Lieven: I’ve been saying for a long time that if Russia launched an invasion, it would not stop at the Donbas. It simply wasn’t worth it from Russia’s point of view to draw upon itself what was obviously going to be intense Western sanctions and political backlash for a couple of, frankly, pretty miserable provinces in eastern Ukraine. So it was always clear that Russia was going to go further than that. But if Russia means to actually replace the government in Kyiv with one of its own, then we are in a radically different scenario than I expected and than most of my Russian friends expected as well.

As to annexation, I think not. The head of Russia’s secret service had a humiliating moment when he talked on Russian television live about Russia annexing the Donetsk People’s Republic, and Putin dressed him down very sharply. That suggests the Russian scenario for Ukraine will not be annexation, at least not for a long time to come. That’s certainly not Russia’s initial plan, which will be the federalization of Ukraine. Russia will then say, “Look, this is what the EU, France, and Germany brokered, the Minsk agreement of 2015, this is what America endorsed, autonomy for the Donbas within Ukraine,” except now it wouldn’t be autonomy just for the Donbas, and Ukraine would then become a sort of loose federation.

But if Russia occupies Kyiv, does it go even further? What if Russia tries to occupy Western Ukraine, which is the heartland of Ukrainian nationalism, and where a lot of people also have very close personal ties to the Ukrainian diaspora in Canada and the U.S.? I think Russia would then be stuck in a guerrilla war and a terrorist war for many years to come, with very severe effects on the Russian economy.

Then, it wouldn’t just be a matter of Western sanctions; it would be a permanent drain of military spending. And, to be blunt, it’s one thing to have your soldiers killing people in Muslim countries, but this would be asking Russian conscripts to suppress revolts not just in Western Ukraine, but in other parts of Ukraine which are very closely ethnically tied to Russia. Over time, that could have a terrible effect on Russian public opinion.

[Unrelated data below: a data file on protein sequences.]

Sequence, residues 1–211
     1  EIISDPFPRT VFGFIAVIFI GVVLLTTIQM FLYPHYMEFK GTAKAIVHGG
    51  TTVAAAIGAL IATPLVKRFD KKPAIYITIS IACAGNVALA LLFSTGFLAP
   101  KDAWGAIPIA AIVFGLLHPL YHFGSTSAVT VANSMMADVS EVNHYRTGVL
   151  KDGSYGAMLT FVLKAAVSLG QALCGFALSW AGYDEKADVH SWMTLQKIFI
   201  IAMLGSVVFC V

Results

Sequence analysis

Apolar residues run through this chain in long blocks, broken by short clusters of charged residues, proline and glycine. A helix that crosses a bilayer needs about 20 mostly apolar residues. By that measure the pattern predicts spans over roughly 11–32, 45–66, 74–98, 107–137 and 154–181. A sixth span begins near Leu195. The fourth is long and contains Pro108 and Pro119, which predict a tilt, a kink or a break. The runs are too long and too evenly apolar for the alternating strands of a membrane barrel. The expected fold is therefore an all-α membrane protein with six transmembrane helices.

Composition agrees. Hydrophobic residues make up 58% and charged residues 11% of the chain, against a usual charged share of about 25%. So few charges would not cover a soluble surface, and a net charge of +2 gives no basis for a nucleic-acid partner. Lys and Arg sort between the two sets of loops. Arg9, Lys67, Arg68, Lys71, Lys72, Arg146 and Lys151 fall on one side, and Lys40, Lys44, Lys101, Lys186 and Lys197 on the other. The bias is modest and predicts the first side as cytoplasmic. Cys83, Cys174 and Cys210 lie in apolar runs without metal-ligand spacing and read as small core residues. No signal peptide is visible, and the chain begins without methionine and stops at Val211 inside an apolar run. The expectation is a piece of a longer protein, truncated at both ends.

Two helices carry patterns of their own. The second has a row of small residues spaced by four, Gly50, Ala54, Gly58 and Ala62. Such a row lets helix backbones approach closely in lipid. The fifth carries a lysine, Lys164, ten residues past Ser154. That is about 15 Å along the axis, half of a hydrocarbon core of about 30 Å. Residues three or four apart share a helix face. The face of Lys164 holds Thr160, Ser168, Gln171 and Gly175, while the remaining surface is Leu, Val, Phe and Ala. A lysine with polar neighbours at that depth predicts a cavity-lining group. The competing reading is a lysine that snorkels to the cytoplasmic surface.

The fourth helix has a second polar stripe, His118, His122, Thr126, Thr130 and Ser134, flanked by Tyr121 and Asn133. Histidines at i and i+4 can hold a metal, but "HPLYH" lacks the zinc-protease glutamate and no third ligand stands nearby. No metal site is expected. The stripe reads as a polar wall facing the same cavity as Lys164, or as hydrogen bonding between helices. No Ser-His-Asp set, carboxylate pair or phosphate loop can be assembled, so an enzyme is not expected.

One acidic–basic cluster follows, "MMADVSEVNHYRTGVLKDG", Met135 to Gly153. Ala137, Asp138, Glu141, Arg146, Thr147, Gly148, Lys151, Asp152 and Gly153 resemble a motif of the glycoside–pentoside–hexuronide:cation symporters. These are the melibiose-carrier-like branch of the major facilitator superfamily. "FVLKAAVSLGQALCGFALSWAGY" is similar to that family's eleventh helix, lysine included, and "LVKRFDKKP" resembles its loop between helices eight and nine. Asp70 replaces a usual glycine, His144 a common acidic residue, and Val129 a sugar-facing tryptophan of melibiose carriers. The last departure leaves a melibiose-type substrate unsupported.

Meyerson: Europe and the United States are going to now impose more severe sanctions, notwithstanding the fact that sanctions really haven’t had a major effect in altering a nation’s policies almost anywhere. What do you see as the maximal effects that such sanctions could have on Russia?

Lieven: Obviously, the first thing the West will do is try to impose everything to hurt Russia and the Russian elites that won’t hurt the West, such as complete bans on technology exports and other forms of export. The Germans will definitely have to give up their investments in Russia, which will have quite a bad effect on Russia: A surprising amount of the Russian food processing industry is actually German-owned.

Of course, the big thing is Russian energy exports to Europe, gas exports particularly. There are two ways of doing this. The first is the obvious way, in which the Germans and the other Europeans simply say, “We’re not going to pay you for your gas anymore,” and the Russians then cut off the gas. At that point, you have a very severe energy crisis in Europe. Prices will surge and there might have to be rationing.

Another way of doing this, which has been discussed, would be expelling Russia from the SWIFT banking system, which would make payment to Russia for exports more difficult. But it wouldn’t block them completely. I don’t want to be cynical, but one might see the European governments going along with some of this, but then actually subverting it because you know they are going to have to ask their populations for real sacrifices here.

The Europeans will face great difficulty, and I think you’ll see a lot of wrangling between Washington and Berlin and European capitals about just how far to go.

At least in the short and medium term, this is a disaster for the struggle against climate change. Gas is the least disruptive of the fossil fuels from the point of view of climate change. Coal is the worst, but the most secure because 70 countries produce it. Germany produces huge quantities; so does Poland. In the short and medium term, I think you’ll see a flight back to coal. In the longer term, I think you will see European moves to reduce dependence on Russian gas in favor of imports from America, but that will take a lot of development of infrastructure, which will take a number of years.

And Russia simultaneously will boost its infrastructure to supply China. This will be a major gain of energy security for China, because it will be supplied over land and can’t be interdicted by the American Navy. It will also be an economic gain in China, because this will be a buyer’s market: China will be able to dictate the price to Russia.

Meyerson: A number of us here in the United States have been periodically saying for years that the strategic function of NATO was, to put it mildly, no longer clear. But in terms of the future of NATO today, I think, if one was investing in transnational political entities, NATO stock would now be a good place to put some money. What do you see in terms of U.S. policy and U.S. deployments of troops and armaments to Europe, I presume at the expense of what was supposed to be the shifting focus of U.S. arms to the Western Pacific and China?